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Fresh from raising $12 million in April, Nifty Games has opened a new sports game development studio in Chicago.
Nifty Games has hired 25-year game veteran David Michicich as the new studio’s general manager. He will head a team that works with titles such as NFL Clash, a new game licensed by the National Football League and NFL Players Association. NFL Clash will launch later this year, and is already being tested by some fans. And while Nifty Games isn’t revealing the gameplay yet, the company described it as “Supercell style,” referencing mobile strategy games like Clash Royale.
This is the company’s first internal development studio. Nifty Games chose the Chicago area because of its rich connection to game developers, as well as sports franchises such as the Chicago Bears, Bulls, Cubs, White Sox, and Blackhawks.
Game veterans Jon Middleton and Pete Wanat started the San Francisco-based company to make sports games. Nifty Games had previously announced a partnership with the National Basketball Association (NBA) and the National Basketball Players Association (NBPA) to bring an NBA basketball game to mobile devices in the near future. Nifty Games rounds out those partnerships with Think450 as it works to bring authentic sports games to mobile.
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Michicich formerly cofounded sports game developer Robomodo and has held leadership roles at Electronic Arts, Studio Gigante, and Reliance Entertainment. He worked on a number of game franchises, including Fight Night, Tony Hawk, and WWE.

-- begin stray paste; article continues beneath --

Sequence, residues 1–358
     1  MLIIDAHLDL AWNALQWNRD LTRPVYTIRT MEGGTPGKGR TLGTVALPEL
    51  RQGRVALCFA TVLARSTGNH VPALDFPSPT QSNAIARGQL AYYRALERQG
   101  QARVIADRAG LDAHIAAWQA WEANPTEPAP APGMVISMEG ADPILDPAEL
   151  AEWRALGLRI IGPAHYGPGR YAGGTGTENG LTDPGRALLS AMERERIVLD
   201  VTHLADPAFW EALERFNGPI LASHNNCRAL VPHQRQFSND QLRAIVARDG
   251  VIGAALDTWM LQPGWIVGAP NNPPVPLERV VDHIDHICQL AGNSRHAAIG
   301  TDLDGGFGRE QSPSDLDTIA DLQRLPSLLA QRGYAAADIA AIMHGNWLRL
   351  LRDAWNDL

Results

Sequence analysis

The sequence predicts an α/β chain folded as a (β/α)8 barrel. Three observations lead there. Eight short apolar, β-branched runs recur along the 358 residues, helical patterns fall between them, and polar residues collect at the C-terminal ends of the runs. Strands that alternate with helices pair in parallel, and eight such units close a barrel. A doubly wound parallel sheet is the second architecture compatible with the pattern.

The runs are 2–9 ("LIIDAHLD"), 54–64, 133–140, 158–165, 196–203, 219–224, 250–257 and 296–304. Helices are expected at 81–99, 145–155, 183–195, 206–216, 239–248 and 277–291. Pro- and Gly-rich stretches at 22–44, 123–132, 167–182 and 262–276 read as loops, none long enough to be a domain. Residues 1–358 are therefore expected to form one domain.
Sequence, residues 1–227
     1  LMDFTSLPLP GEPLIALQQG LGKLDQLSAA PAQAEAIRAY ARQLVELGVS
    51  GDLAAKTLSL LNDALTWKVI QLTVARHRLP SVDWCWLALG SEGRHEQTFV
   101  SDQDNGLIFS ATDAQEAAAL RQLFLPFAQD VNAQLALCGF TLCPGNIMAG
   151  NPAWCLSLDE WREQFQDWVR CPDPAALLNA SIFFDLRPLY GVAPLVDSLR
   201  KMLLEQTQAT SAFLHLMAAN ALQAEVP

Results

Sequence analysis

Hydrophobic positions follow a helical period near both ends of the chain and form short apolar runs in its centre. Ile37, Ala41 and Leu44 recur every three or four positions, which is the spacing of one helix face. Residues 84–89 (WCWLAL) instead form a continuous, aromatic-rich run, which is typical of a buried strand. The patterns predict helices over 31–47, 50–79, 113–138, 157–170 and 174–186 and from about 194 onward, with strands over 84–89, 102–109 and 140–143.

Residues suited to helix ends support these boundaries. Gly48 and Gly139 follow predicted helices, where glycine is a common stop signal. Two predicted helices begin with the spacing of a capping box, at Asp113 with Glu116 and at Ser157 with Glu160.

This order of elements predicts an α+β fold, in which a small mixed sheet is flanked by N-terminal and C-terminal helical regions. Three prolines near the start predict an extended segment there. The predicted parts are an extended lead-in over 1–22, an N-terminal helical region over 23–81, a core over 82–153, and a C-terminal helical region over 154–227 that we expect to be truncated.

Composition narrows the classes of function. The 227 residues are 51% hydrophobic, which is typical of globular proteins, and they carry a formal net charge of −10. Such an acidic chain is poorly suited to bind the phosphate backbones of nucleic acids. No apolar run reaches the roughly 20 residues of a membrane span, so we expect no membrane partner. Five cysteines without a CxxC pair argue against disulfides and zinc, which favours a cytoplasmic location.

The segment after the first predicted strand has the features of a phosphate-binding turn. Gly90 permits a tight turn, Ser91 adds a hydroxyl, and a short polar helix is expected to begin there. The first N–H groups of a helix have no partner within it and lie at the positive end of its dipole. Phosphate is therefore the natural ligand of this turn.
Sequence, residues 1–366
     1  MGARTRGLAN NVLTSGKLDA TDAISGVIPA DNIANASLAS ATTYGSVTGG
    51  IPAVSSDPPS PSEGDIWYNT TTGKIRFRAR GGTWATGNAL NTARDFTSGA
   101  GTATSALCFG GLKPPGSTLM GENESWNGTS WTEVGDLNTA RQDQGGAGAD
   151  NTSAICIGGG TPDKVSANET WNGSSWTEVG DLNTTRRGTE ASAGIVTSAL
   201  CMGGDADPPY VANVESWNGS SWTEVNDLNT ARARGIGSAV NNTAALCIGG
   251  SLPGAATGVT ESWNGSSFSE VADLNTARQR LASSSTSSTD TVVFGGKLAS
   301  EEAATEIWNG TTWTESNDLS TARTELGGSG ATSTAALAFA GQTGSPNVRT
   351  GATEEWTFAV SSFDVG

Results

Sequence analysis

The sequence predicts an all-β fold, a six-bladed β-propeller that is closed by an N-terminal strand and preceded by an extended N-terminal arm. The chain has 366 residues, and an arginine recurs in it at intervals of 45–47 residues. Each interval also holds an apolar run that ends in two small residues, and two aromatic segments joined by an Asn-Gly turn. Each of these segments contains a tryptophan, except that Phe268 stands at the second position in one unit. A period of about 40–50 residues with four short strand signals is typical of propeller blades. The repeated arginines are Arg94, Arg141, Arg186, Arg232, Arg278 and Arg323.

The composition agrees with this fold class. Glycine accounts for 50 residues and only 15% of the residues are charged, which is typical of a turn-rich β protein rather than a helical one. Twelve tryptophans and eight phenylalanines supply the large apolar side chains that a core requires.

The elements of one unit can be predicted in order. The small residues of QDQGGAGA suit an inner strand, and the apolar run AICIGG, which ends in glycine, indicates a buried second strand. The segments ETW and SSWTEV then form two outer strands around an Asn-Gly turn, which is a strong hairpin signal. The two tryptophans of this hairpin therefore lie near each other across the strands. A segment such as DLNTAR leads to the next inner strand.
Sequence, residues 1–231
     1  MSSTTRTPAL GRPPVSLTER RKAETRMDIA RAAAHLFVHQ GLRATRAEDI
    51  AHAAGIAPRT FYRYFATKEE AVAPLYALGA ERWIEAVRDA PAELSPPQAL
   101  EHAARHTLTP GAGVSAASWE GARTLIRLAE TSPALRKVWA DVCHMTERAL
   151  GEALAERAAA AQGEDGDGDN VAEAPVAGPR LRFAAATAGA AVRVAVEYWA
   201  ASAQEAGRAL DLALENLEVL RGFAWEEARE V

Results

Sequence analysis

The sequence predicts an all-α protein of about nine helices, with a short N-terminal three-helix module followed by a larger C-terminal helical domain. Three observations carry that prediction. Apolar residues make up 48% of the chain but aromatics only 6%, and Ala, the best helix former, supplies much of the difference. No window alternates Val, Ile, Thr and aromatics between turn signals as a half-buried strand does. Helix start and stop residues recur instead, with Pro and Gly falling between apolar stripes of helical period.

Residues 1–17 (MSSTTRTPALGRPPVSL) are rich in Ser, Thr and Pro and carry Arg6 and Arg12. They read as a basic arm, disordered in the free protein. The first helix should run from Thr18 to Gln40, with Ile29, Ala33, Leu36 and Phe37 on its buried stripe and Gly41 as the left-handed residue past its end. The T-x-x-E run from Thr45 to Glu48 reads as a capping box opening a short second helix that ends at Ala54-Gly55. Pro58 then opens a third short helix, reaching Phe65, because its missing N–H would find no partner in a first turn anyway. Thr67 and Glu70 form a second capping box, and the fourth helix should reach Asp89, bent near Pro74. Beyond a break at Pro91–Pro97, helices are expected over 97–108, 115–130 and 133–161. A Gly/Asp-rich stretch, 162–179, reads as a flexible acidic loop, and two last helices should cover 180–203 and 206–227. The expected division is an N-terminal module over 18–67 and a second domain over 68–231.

Middleton said in an earlier interview with GamesBeat that NFL Clash is an innovative take on mobile football games, offering fans a new way to play head-to-head in just minutes. The founders feel there’s a gap in the market for sports fans who want a fast yet deep experience that can last four or five minutes, rather than hours. And it could be an important way for sports fans to scratch an itch when they can’t even watch sports on TV.
The big rival, of course, is Electronic Arts’ NFL Madden games, which are available across all platforms, including mobile. To date, mobile sports games have been casual minigames or simulations migrated from gaming consoles.
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